Transcribed from The Lawrence Daily Journal-World, Lawrence, Kansas, January 7, 1960, page 1:
Victims of Crash Placed in School
BOLIVIA, N.C. (AP) — Three rows of shrouded bodies, victims of 1960’s first airliner crash, lay in the Southport High School gymnasium today awaiting identification by relatives and an FBI fingerprint team.
Thirty-four persons were aboard the National Airlines DC6B which apparently disintegrated in the air and cast wreckage and bodies over a 20-acre area early Wednesday. None survived.
Searchers found 32 bodies by nightfall in the plowed fields and marshy piney woods where the New York-to-Miami flight fell.
Darkness and foul weather delayed search for the remaining two victims overnight.
C. Lester Trotter, an assistant director of the FBI, came here from Washington with a 4-man team to help identify the 29 passengers and 5 crew members on the plane.
Relatives also began arriving to identify and claim their dead.
The FBI agents definitely identified 9 of the 32 bodies.
Coroner L. B. Bennett said autopsies would be performed in an effort to determine what caused the deaths.
The plane “apparently disintegrated in the air from an unknown cause,” said John L. Morris, a National Airlines vice president. “The plane was in good order and was in the hands of a veteran crew. There was nothing from the pilot prior to the crash that would indicate any malfunction.”
However, the altimeter in the wreckage of the cockpit showed an elevation of 1,500 feet. And instruments indicated the right wing may have been down as if the plane was banking.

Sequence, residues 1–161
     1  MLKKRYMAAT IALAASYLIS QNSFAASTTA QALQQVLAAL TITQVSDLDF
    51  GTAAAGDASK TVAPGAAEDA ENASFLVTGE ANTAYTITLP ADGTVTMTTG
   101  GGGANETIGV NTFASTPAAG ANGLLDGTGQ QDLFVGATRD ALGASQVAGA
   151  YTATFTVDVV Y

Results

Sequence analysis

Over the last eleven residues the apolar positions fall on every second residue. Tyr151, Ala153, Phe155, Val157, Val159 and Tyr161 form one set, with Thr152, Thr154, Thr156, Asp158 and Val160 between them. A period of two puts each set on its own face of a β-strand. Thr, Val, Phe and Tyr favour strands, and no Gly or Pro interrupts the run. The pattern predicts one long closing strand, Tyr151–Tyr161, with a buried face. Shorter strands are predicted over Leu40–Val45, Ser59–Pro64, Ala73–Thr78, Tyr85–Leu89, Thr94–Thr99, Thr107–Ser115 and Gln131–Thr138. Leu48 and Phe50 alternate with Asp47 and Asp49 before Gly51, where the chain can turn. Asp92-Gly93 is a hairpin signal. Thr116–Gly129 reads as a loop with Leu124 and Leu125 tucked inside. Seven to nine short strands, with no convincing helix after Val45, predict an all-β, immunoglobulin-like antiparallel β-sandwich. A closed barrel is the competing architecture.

It appeared that the crew and passengers may have known the plane was in difficulty. A National Airlines spokesman said, “judging from the fact that some of the victims had on life jackets, it can be presumed that the captain had informed the passengers of an emergency situation and was trying to make an emergency landing.”
Four bodies wore vest-type life jackets and several victims were strapped to their seats with safety belts.
There was also an indication that the pilot might have been seeking a refuge in the murky, rainy night.
A chunk of metal was found at Kure Beach, 25 miles east of the crash scene, or about five minutes away at the plane’s normal cruising speed. The craft’s southbound route would not have crossed both Kure Beach and Bolivia.
“It was very definitely part of the aluminum skin of an airplane, presumably this plane,” said an NAL spokesman about the Kure Beach discovery.
The engineer’s log, found in the 25-foot nose section of the wreckage, bore a notation that the flight had checked with the Wilmington Airport at 2:07 a.m. Twenty-four minutes later the crew reported the flight was south of Wilmington, thus beginning the 550-mile leg over the Atlantic to Florida.
A stopped watch on one of the victims set the time of the crash at 2:45 a.m.